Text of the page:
Roasting is necessary to take that seed from the cherry, which is dense and grassy when “green,” to that sweet, complex, brown bean that is capable of being ground and brewed. Roasting’s importance is akin to baking bread instead of serving a loaf of dough.
Roasting for specialty coffee is done by hand and carefully monitored throughout the process- adjusting the heat, airflow, and time of each roast to affect the acidity, body, balance, mouthfeel, and overall taste of the coffee. How a roaster applies these variables will produce a specific flavor profile with a specific roast level. Start to finish, roasting takes only about fifteen minutes per batch.
Coffee is first dropped into a preheated drum roaster, with the heat usually coming from a gas flame. The beans first dry for three or four minutes, or until the temperature reaches about 270 degrees Fahrenheit.
In the next four minutes, the sugars within the beans begin to caramelize. You may be familiar with this concept, the Maillard reaction. If you cook or bake, you’ve encountered the Maillard reaction; it’s the small chemical reactions that occur when heat transforms proteins and sugars, creating colors, flavors, and aromas.
Around 360 degrees Fahrenheit, as gases in the beans release, the coffee beans begin to pop like popcorn. This is known as “first crack.” Roasters are paying attention to the color and aroma of the beans as they develop and listening for this sound.
In the final stage of the roast, the coffee develops. The roast level descriptions of “light,” “medium,” or “dark” are referring to the color of the beans based on how long they have been exposed to heat.
Introducing less heat at a lower temperature or for less time will result in some caramelization of sugars, and the flavors will often be much brighter and acidic, usually having a tea-like lighter body and mouthfeel. Some light roasts are roasted just enough to allow the coffee to become something we can grind and brew, without going too far past this point so that the coffee can taste nuanced. Lighter roasted coffees do not pair well with milk.
The goal of a medium roast is to find the best of both worlds. There is a balance in introducing enough heat to develop flavors like milk chocolate, toffee, graham cracker, caramel while not going too far that you lose these flavors to the stronger flavor of roast. With a medium roast, you can really taste the berry or smell the chocolate, for example, while starting to taste the roast. It also retains more of the beans’ natural caffeine. Angler’s lightest roast is medium, also called “full city.” Beans are medium roasted when they reach around 400 degrees Fahrenheit. Depending on the flavors of a medium roast coffee, you may find that adding milk may overpower the cup.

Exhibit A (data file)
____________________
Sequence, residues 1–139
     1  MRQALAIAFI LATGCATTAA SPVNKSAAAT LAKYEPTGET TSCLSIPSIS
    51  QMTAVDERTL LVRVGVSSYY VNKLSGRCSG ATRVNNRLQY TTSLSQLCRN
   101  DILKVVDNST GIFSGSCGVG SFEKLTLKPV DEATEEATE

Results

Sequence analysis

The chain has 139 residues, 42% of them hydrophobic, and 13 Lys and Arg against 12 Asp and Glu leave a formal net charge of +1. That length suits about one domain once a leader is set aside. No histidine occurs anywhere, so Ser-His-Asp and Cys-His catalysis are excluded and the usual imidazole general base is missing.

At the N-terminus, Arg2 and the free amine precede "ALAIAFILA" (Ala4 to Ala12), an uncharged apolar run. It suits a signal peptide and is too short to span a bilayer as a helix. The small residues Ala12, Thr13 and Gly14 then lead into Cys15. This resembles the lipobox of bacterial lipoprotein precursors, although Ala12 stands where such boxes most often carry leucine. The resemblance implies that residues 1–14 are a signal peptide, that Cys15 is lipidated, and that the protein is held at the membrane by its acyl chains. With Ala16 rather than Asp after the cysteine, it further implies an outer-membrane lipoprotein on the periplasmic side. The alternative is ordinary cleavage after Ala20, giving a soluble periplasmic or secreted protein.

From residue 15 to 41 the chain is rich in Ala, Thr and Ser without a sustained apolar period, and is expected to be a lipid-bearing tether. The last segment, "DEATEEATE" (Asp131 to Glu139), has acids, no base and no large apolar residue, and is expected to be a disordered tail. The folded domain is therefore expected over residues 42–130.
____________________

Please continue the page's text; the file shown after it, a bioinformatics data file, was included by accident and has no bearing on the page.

The more we increase the temperature, the darker the coffee beans get, the more the roasting flavor and aroma take over and the caffeine decreases. Medium dark, or Viennese roast, happens around 410 degrees Fahrenheit.
You may be able to see where we are going with this by now. Adding more time to a roast will increase the heat of the bean and take the process beyond the Maillard reaction into carbon town. These coffees will be richer in body and mouthfeel, often times syrupy and will have flavors of char, smoke and burnt sugar. These coffees are perfect for adding milk, and sugar if you are into it, and of course you may like it black.
Dark, or French roast, happens around 425 degrees. If you’ve bought dark roasts, you’ve probably noticed that the beans look and feel oily; that’s because the high temperature has pulled the beans’ fat to the surface.
In the final stage of the roast, the beans are cooled quickly, in as little as two minutes, depending on the size of the batch, with stirring and fans that pull the hot air away.
Think about roasting marshmallows. Some people like to just heat the marshmallow up ever so slightly, lightly browning the outside and warming the inside. A lightly roasted marshmallow still has a lot of the same sugar sweetness and flavors it had before roasting. Medium roasting the marshmallow will move away from that straight sugary sweetness and yield more of that toasted caramelized flavor. And then there is the dark roasted marshmallow, where some sweetness may exist, but the flavor you are really after is that smoky char. Everyone has a marshmallow roast preference, and most people have a coffee roast preference too.
Discovering which roast level you like best will help you find the perfect coffee. Think about the best coffee you have ever had - what flavors were present? You can trace those flavors back to the roast level.
You can taste the affect of roasting with our new Roast Sampler Box, which offers medium, medium dark, and dark options.
- The Elk Hair Caddis is an extremely popular and versatile fly. Like its namesake, our medium roast Caddis Blend is a crowd pleaser that doesn’t make you choose one facet over another—it’s the perfect balance of body, aroma, and acidity with flavors of praline, toffee, and cocoa powder.
- The Royal Coachman, a classic “attractor” dry fly featuring colorful materials, contains medium dark roasted beans from the Americas and Indonesia, with balanced flavors of dark chocolate, molasses, and some slight smokiness.
- Savvy Anglers know that it’s often best to fish deep for the big ones, which is where the Muddler Minnow is often a top choice. Muddler’s Blend is our darkest roast - deep, rich, like a scotch with a warm kick.
Happy Tasting, and Tight Lines!